Tuesday, August 27, 2013
Imaginary Worlds -- "Plants Larger Than Life"
This past week, Crossroads Garden Club Members (including me) took a field trip to the Atlanta Botanical Gardens. For eight years, I had a membership to the gardens (as I worked downtown for ten years) but I had not visited for five years since I retired. The improvements and additions were a wonderful surprise, but the Imaginary World Exhibition was fantastic!
Regardless, if you like plants, art or things bigger than life, you'll probably love my blog tour today of the Imaginary Worlds Exhibition.
Above, as you enter the gardens from the new visitor center, two cobras greet you on each side of the walkway. Due to the large amount of rain, as well as, maintenance, we found employees working on both cobras. They were trimming and replacing plants as needed.
An ogre, protects the Day Hall, feet from the cobras. He has a small tunnel at the back of his head, perfect for children to walk through.
Over one hundred thousand plants are used to make 19 living sculptures in this exhibit. It is the first to be displayed in any garden in the United States.
Two butterflies are a few examples of mosaiculture art that is centuries old and a creative collaboration between the Atlanta Botanical Garden and the International Mosaiciculture of Montreal, a non-profit organization.
Close to the Cascade Garden is a unicorn grazing in a pasture. Growing up we had horses grazing in pastures but none had horns.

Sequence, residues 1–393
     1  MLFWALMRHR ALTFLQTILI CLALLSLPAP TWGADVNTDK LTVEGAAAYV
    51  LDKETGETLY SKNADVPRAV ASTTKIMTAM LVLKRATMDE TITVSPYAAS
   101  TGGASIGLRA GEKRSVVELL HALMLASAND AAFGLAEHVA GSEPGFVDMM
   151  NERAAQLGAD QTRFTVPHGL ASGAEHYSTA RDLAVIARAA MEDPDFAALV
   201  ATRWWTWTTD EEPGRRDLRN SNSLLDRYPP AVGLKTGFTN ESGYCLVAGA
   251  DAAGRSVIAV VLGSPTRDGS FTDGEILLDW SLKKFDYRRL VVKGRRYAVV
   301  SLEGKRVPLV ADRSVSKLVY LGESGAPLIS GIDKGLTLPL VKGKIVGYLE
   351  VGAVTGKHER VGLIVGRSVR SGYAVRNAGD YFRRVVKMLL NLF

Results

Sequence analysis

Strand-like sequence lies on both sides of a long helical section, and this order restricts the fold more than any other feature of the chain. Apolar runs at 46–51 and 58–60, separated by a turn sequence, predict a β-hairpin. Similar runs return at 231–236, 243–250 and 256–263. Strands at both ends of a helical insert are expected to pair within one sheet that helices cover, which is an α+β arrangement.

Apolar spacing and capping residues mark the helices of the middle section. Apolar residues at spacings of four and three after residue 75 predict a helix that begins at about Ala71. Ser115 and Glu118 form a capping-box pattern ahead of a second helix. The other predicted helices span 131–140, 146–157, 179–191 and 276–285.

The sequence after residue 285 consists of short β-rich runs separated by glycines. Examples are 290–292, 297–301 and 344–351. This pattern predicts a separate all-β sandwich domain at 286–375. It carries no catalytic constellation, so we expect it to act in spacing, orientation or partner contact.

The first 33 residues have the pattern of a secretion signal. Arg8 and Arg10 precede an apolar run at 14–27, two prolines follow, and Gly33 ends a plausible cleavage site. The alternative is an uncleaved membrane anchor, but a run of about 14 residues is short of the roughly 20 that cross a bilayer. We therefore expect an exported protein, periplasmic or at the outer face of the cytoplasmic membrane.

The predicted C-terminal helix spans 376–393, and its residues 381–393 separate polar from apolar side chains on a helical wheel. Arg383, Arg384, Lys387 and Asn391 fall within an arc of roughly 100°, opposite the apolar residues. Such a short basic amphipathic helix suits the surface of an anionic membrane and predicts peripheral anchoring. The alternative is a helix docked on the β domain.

Since I'm a dog person, the shaggy dog was one of my favorite exhibits. The hair is made from grass.
Sweet potato vines are used for the earth goddesses' s hair. She is the only mosaiculture sculpture kept as a permanent fixture at the gardens.
Rabbits munch on plants close to the walkway at the great lawn.
In the edible garden berries smile on peppers, tomatoes, squash, apples growing on one side and a large herb wall growing on the other.
Dancing fish rotate in a fountain as you exit the Fuqua Conservatory and walk the vine arbor toward the Japanese and rose gardens.
Another cobra stands to the right as you exit the gardens to the visitor center and parking garage.
These topiaries are larger than life and the Atlanta Botanical Gardens gives you a view into a world you can only imagine!
Pencil thin steel is welded into different animal, human and plant shapes. Afterwards, the forms are filled with growing medium and covered with a type of shade cloth. Grasses, succulents, plugs of annual, perennial blooming and green foliage takes several months to take form. Daily maintenance is needed to keep the artistic lines of the sculptures at their best.
Until Next Time.......
Happy Gardening 2013!
Posted by Wilma Smith